Hopefully, these examples also hint at the idea that domestic medicine isn’t only about making homemade herbal remedies. It involves supporting someone through an illness by providing comfort and nourishment. That is intrinsically different from telling someone to take a tincture and some supplements three times a day while they are ill.
There are many herbal practitioners out there who have clearly never provided primary care for a sick person at home and lack those skills as surely as a lot of medical physicians do.
Covid really made that apparent to me. We are going to talk about all of it because caregiving is a skill that we cannot afford to let disappear. At the end of the day modern medicine can’t do much other than to send people home to muddle through Covid as best they can. Nurses I had taught continuing education classes started calling me when they got sick and referring people to me for help. That’s what made me think it was time to do something with this website.
For those of you who haven’t grown up being exposed to these skills, I am attaching my introductory eBook on caring for the ill that I give to my students when they first start learning with me. I think you will find that it covers far more than just how to make herbal cough syrup.
[i] Mooney, James. The Medical Mythology of Ireland. Philadelphia, PA: MacCalla & Company, 1887.138. Mooney uses a less familiar term cailleach luibh [herb hag] pronounced cawl-yakh liva. He does not equate the word cailleach with witch. He talks about witches later saying “Irish witches usually confine their operations to stealing butter and seldom harm the owners.”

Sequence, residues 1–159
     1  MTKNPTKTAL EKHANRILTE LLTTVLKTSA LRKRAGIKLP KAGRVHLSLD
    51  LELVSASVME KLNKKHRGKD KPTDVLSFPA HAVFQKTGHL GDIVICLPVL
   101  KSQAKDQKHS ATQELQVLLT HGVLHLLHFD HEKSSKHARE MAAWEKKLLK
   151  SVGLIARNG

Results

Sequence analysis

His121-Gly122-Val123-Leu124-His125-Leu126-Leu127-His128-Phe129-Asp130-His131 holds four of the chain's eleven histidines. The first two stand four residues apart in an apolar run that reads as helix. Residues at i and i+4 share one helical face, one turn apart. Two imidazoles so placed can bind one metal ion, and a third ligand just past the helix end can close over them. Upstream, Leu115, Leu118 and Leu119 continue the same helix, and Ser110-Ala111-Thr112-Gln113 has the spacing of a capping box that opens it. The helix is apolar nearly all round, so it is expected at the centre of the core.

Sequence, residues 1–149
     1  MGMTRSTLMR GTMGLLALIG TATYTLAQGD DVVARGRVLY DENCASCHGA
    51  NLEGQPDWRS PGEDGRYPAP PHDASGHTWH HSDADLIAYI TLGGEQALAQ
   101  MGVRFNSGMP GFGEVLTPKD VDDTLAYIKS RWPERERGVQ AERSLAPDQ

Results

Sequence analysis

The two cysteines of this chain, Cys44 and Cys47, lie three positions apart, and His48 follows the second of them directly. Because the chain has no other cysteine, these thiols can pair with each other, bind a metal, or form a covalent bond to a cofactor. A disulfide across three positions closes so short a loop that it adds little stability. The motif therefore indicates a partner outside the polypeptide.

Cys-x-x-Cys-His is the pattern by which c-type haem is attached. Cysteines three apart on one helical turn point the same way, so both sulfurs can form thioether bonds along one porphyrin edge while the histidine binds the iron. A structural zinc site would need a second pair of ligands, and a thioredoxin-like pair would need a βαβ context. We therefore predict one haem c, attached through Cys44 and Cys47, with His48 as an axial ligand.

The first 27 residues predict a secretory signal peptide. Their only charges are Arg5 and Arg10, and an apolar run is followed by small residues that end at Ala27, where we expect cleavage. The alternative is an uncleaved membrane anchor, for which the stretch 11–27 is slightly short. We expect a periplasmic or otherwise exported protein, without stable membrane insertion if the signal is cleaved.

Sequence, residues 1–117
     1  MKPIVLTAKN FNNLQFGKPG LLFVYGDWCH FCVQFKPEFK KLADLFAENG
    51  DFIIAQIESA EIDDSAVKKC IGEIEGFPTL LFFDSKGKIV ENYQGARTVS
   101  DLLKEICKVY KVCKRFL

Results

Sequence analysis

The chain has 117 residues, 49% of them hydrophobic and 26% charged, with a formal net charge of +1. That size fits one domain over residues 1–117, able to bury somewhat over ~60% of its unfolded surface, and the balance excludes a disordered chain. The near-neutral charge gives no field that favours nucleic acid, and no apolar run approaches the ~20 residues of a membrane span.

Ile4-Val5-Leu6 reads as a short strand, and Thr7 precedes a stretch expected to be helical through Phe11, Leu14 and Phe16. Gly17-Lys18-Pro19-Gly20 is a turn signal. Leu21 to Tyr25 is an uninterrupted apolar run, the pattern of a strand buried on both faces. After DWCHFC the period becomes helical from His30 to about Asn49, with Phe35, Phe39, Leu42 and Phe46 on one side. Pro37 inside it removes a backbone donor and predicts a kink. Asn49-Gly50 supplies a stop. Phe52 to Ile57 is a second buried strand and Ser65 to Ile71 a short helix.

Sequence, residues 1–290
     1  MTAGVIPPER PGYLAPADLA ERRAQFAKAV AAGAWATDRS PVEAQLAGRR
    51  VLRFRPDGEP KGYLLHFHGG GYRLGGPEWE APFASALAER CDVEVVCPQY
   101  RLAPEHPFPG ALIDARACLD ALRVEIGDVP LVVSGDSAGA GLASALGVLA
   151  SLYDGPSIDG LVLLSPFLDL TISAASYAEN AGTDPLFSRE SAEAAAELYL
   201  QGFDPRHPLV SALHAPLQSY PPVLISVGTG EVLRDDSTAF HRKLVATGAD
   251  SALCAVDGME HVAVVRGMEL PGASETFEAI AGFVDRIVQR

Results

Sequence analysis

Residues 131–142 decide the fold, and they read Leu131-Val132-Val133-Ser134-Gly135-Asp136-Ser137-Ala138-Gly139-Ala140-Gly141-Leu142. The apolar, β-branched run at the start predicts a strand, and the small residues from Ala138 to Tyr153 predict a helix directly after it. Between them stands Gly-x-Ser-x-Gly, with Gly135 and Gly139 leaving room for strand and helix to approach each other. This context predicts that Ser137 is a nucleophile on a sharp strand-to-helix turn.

[ii] Paul, George P. (George Phillip). Nursing in the Acute Infectious Fevers. Philadelphia, PA: Saunders, 1906. http://archive.org/details/nursinginacute00paul.
[iii] Súilleabháin, Seán Ó. Irish Folk Custom and Belief. Published for the Cultural Relations Committee of Ireland at the Three Candles, 1967.
[iv] The Schools’ Collection, Volume 0848, Page 163 © National Folklore Collection, UCD
[v] I use the phrase “a little fancy” a lot. It’s from a quote by Melville in which he explains the value of embellishment. “It will be a strange sort of a book, tho’, I fear; blubber is blubber you know; tho’ you may get oil out of it, the poetry runs as hard as sap from a frozen maple tree; . . . to cook the thing up, one must needs throw in a little fancy. . .Yet I mean to give the truth of the thing, spite of this.”
[vii] A.E. Russell The Irish Theosophist
[vi] The Schools’ Collection, Volume 0656, Page 085 Image and data © National Folklore Collection, UCD.